Monday, March 22, 2010 (Last Updated: 03/23/2010)
MONDAY, March 22 (HealthDay News) -- Coverage of cancer care in the print media may create an overly optimistic view of treatments and outcomes by focusing more often on aggressive treatments and survival than treatment failures and death, according to research published online March 16 in the Archives of Internal Medicine.
Jessica Fishman, Ph.D., of the University of Pennsylvania in Philadelphia, and colleagues analyzed data from 436 articles focused on cancer that were published in five national magazines and eight large newspapers from 2005 to 2007. Researchers assessed the articles for content related to cancer survival, mortality, aggressive treatment, treatment failure, adverse treatment events, and end-of-life palliative or hospice care.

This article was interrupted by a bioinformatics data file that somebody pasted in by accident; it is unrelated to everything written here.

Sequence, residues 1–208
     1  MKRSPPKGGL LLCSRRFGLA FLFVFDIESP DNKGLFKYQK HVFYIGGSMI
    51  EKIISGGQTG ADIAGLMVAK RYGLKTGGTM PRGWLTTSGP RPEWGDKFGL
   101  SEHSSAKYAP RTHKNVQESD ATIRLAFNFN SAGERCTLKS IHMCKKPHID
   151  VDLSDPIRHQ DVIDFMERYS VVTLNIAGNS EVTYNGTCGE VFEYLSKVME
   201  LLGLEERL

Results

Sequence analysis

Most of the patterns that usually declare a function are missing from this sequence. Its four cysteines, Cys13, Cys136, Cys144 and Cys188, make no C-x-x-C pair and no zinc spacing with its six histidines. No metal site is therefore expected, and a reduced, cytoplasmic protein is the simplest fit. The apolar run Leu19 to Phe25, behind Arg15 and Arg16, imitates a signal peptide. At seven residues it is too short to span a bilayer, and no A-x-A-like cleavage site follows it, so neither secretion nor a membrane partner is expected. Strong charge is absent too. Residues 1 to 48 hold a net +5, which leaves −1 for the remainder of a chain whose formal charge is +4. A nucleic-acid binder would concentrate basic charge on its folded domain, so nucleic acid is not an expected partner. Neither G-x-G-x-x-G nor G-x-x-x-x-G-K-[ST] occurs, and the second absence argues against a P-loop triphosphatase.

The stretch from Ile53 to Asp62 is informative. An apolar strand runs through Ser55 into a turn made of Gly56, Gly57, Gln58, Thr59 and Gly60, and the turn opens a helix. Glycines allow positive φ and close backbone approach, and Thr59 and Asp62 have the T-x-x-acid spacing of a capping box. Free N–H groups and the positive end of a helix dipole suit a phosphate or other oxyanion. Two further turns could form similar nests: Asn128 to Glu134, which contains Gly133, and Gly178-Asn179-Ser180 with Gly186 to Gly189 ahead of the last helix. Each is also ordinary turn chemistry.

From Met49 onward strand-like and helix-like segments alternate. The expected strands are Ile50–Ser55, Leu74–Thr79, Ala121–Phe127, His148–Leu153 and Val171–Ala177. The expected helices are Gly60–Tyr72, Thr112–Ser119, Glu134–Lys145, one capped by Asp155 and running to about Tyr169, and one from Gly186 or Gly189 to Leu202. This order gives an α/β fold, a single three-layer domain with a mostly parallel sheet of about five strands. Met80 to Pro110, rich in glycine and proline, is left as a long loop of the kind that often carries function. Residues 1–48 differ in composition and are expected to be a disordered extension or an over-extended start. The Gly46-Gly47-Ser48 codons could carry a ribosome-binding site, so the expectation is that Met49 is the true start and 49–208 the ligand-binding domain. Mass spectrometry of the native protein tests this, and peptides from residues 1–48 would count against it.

Of the articles analyzed, the researchers found that 32.1 percent focused on survival, compared to 7.6 percent that focused on death and dying. Only 13.1 percent of the articles discussed the possibility that aggressive treatments can fail, and only 30 percent reported that aggressive treatments can lead to adverse events. Most articles (57.1 percent) covered aggressive treatments exclusively, but very few exclusively discussed end-of-life palliative or hospice care (0.5 percent).
"How often should the news media discuss treatment failure, adverse events, end-of-life care, and death and dying? The media routinely report about aggressive treatment and survival presumably because cancer news coverage is relevant to a large portion of the population, and, for the same reason, similar attention should be devoted to the alternatives," the authors conclude.
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